October is national Breast Cancer Awareness Month. Did you know that breast cancer is the second most common form of cancer for women. According to the federal Office of Disease Prevention and Health Promotion, an estimated one out of every eight women will be diagnosed with breast cancer.
When found early, breast cancer is often treatable and survivable. You hear stories of survival every day.
What is Breast Cancer Awareness Month?
Breast Cancer Awareness Month exists to raise awareness. It’s a time to:
- Spread the word on the importance of mammograms.
- Ask doctors and nurses to speak to women on the importance of early detection.
- Encourage middle-aged women (ages 40-49) to talk to their doctors about when and how often they should receive a mammogram.
- Organize events that raise breast cancer awareness and money for researching the cure.
What Does Breast Cancer Mean By the Numbers?
- In 2016, about 246,660 new cases of invasive breast cancer are expected to be diagnosed in women in the United States. That’s in addition to 61,000 new cases of non-invasive breast cancer.
- An estimated 2,600 new cases of invasive breast cancer are expected in men this year. One out of every 1,000 men are diagnosed with breast cancer.
- About 40,500 women in America died in 2015 from breast cancer, but death rates have been going down for 27 years. Survival rates are higher for women under 50. Research suggests that the decreases are because of treatment advances, earlier detection through screening, and increased awareness.
- Women die more from breast cancer than any other cancer in the United States, except for lung cancer.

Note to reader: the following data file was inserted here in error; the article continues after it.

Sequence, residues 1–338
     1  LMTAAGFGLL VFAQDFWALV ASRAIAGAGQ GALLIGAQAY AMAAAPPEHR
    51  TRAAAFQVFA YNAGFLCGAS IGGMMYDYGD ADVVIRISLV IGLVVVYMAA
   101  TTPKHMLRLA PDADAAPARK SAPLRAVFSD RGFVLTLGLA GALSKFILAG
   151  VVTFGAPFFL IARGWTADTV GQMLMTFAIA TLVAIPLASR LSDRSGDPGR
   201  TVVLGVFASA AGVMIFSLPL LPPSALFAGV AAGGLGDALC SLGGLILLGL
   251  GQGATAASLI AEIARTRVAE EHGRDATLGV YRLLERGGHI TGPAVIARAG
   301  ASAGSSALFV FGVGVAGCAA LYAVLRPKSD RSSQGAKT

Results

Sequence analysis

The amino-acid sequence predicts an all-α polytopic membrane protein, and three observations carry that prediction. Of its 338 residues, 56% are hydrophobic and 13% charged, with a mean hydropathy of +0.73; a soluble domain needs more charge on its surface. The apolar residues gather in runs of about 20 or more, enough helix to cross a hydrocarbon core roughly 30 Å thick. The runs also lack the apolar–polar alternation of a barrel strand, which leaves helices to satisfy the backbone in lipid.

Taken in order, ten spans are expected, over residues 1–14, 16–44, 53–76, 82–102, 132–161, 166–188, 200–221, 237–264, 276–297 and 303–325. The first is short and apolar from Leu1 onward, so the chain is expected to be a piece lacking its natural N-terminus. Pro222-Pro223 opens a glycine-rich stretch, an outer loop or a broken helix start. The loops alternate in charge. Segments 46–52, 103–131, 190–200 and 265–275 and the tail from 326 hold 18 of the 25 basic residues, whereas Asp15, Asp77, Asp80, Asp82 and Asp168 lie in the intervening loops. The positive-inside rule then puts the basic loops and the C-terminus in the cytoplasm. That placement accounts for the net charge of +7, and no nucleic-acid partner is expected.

- Breast cancer is the second most diagnosed form of cancer. In 2015, breast cancer made up for about 30 percent of all cancer diagnoses.
- Breast cancer is more common in African American women under 45 than white women in the same age group. Also, African-American women are more likely to die of breast cancer than any other race. In women under 45, breast cancer is more common in African-American women than white women. Overall, African-American women are more likely to die of breast cancer than any other race.
- As of this year, there are over 2.8 million women in the United States who have a history with breast cancer. That number includes women who are currently being treated and women who have already been treated.
- Breast cancer is somewhat hereditary. A woman is at double the risk of breast cancer if she has a mother, sister or daughter who has had breast cancer, although 85 percent of women who get breast cancer have had no immediate family members diagnosed.
- The biggest risk factors for breast cancer are being a woman and growing older.